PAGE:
Tales Of A Wayside Inn : Part 1. The Musician's Tale; The Saga Of King Olaf Ix. -- Thangbrand The Priest

Poem By Henry Wadsworth Longfellow

Short of stature, large of limb,
Burly face and russet beard,
All the women stared at him,
When in Iceland he appeared.
'Look!' they said,
With nodding head,
'There goes Thangbrand, Olaf's Priest.'

All the prayers he knew by rote,
He could preach like Chrysostome,
From the Fathers he could quote,
He had even been at Rome,
A learned clerk,
A man of mark,
Was this Thangbrand, Olaf's Priest.

He was quarrelsome and loud,
And impatient of control,
Boisterous in the market crowd,
Boisterous at the wassail-bowl,
Everywhere
Would drink and swear,
Swaggering Thangbrand, Olaf's Priest

In his house this malcontent
Could the King no longer bear,
So to Iceland he was sent
To convert the heathen there,
And away
One summer day
Sailed this Thangbrand, Olaf's Priest.

There in Iceland, o'er their books
Pored the people day and night,
But he did not like their looks,
Nor the songs they used to write.
'All this rhyme
Is waste of time!'
Grumbled Thangbrand, Olaf's Priest.

To the alehouse, where he sat
Came the Scalds and Saga-men;
Is it to be wondered at,
That they quarrelled now and then,
When o'er his beer
Began to leer
Drunken Thangbrand, Olaf's Priest?

All the folk in Altafiord
Boasted of their island grand;
Saying in a single word,
'Iceland is the finest land
That the sun
Doth shine upon!'
Loud laughed Thangbrand, Olaf's Priest.

And he answered: 'What's the use
Of this bragging up and down,
When three women and one goose
Make a market in your town!'
Every Scald
Satires drawled
On poor Thangbrand, Olaf's Priest.

Something worse they did than that;
And what vexed him most of all
Was a figure in shovel hat,
Drawn in charcoal on the wall;
With words that go
Sprawling below,
'This is Thangbrand, Olaf's Priest.'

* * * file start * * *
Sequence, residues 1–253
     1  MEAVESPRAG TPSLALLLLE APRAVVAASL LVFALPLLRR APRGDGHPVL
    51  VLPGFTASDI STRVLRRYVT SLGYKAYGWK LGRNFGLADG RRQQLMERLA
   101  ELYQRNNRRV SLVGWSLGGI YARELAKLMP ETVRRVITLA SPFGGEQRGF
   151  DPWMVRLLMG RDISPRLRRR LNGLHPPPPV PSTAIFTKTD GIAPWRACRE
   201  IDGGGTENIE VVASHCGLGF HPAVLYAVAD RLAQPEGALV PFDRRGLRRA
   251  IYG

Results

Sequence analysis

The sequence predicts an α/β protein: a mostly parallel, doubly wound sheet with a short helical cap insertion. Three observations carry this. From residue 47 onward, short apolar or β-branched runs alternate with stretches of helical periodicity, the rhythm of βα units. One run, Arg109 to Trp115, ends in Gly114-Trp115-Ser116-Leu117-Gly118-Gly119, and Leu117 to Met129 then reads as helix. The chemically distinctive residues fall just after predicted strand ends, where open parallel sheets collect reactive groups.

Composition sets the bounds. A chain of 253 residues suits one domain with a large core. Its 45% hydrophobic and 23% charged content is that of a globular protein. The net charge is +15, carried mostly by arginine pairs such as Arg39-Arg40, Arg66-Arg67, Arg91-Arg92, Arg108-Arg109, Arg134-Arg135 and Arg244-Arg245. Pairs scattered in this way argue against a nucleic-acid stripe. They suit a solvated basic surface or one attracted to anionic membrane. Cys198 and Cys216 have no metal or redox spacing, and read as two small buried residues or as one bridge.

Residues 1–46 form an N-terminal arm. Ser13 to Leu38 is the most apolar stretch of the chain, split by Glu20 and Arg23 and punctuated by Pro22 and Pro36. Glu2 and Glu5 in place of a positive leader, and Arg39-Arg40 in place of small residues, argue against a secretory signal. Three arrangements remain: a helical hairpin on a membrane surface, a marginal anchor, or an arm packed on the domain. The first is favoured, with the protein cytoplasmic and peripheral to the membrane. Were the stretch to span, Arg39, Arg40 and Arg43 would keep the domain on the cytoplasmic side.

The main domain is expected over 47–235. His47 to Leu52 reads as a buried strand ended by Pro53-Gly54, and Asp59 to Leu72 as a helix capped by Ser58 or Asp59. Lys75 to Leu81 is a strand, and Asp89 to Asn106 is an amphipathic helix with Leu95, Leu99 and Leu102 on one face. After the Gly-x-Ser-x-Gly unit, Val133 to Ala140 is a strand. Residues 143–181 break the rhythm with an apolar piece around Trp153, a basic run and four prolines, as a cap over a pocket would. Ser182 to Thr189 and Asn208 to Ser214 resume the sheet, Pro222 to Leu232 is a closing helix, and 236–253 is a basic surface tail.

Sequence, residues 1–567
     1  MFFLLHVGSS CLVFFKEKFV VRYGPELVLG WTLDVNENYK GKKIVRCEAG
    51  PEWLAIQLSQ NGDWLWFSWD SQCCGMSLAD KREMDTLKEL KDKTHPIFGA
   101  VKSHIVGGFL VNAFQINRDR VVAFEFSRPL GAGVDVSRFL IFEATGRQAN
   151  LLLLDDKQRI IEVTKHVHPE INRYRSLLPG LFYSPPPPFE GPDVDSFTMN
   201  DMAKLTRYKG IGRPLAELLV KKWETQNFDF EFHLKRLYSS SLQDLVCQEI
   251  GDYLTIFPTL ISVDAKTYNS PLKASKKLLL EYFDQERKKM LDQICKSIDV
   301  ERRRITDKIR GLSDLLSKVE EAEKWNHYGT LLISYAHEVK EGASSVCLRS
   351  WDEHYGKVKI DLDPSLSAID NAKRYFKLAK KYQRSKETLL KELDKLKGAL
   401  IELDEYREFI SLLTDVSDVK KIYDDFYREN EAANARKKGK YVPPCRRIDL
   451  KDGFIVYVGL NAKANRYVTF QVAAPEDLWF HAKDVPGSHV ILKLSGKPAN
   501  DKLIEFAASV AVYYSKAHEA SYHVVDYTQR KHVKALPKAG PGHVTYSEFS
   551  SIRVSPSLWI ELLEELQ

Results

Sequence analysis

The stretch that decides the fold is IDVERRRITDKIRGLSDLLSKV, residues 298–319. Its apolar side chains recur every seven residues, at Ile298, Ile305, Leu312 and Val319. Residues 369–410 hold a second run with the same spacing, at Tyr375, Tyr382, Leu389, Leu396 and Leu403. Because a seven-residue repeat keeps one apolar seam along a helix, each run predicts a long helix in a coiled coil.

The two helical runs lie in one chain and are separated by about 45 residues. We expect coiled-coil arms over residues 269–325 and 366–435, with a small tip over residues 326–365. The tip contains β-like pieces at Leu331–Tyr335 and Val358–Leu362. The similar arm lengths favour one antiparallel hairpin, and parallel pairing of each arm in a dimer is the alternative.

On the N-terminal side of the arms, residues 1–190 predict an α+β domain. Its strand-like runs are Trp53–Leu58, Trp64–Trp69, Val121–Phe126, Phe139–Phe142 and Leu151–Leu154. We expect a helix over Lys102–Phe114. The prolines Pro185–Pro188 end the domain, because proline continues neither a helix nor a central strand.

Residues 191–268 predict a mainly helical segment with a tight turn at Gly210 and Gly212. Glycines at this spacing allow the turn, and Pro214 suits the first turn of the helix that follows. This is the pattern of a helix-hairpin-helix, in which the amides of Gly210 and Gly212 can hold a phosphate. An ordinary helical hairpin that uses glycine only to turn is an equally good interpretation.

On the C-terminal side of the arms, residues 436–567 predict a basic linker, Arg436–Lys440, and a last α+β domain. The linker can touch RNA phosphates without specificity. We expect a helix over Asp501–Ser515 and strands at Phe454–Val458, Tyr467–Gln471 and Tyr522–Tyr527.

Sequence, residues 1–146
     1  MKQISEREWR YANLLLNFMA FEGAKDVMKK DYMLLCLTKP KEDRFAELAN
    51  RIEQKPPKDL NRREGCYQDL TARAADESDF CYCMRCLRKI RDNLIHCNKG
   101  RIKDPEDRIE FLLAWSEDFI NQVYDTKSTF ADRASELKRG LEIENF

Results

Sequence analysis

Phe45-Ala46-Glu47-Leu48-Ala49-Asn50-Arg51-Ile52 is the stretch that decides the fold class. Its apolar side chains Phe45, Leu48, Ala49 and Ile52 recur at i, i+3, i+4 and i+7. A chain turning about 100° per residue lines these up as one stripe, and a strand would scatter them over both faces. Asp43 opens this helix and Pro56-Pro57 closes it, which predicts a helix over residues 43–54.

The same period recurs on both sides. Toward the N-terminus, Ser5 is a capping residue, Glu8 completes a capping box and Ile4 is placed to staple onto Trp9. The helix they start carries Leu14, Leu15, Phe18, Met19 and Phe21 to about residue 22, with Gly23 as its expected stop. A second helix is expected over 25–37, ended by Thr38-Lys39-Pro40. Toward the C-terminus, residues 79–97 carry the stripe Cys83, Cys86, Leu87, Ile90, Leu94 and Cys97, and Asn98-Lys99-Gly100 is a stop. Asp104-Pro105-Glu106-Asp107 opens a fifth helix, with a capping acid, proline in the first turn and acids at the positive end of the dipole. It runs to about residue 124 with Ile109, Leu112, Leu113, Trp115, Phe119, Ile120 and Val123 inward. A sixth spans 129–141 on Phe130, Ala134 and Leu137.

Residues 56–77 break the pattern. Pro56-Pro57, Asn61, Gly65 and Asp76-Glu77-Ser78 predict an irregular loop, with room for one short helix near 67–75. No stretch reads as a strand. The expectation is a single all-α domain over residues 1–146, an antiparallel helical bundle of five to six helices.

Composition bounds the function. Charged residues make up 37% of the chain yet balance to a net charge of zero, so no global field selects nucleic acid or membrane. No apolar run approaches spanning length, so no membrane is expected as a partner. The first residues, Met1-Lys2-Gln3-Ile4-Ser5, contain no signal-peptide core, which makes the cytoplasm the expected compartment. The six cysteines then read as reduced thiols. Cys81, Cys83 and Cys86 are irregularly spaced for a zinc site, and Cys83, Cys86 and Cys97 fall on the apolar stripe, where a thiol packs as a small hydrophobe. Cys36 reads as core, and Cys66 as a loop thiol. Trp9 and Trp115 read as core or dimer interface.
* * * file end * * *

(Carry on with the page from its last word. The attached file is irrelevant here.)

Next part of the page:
Hardly knowing what he did,
Then he smote them might and main,
Thorvald Veile and Veterlid
Lay there in the alehouse slain.
'To-day we are gold,
To-morrow mould!'
Muttered Thangbrand, Olaf's Priest.

Much in fear of axe and rope,
Back to Norway sailed he then.
'O King Olaf! little hope
Is there of these Iceland men!'
Meekly said,
With bending head,
Pious Thangbrand, Olaf's Priest.

Comments about Tales Of A Wayside Inn : Part 1. The Musician's Tale; The Saga Of King Olaf Ix. -- Thangbrand The Priest

And he answered: 'What's the use Of this bragging up and down, When three women and one goose Make a market in your town! . as usual a great poem. tony


Other poems of LONGFELLOW

A Psalm Of Life

Tell me not, in mournful numbers,
Life is but an empty dream!
For the soul is dead that slumbers,
And things are not what they seem.

A Gleam Of Sunshine

This is the place. Stand still, my steed,
Let me review the scene,
And summon from the shadowy Past
The forms that once have been.

The Arrow And The Song

I shot an arrow into the air,
It fell to earth, I knew not where;
For, so swiftly it flew, the sight
Could not follow it in its flight.

Autumn

Thou comest, Autumn, heralded by the rain,
With banners, by great gales incessant fanned,
Brighter than brightest silks of Samarcand,
And stately oxen harnessed to thy wain!

Arsenal At Springfield, The

This is the Arsenal. From floor to ceiling,
Like a huge organ, rise the burnished arms;
But front their silent pipes no anthem pealing
Startles the villages with strange alarms.

A Song Of Savoy

As the dim twilight shrouds
The mountain's purple crest,
And Summer's white and folded clouds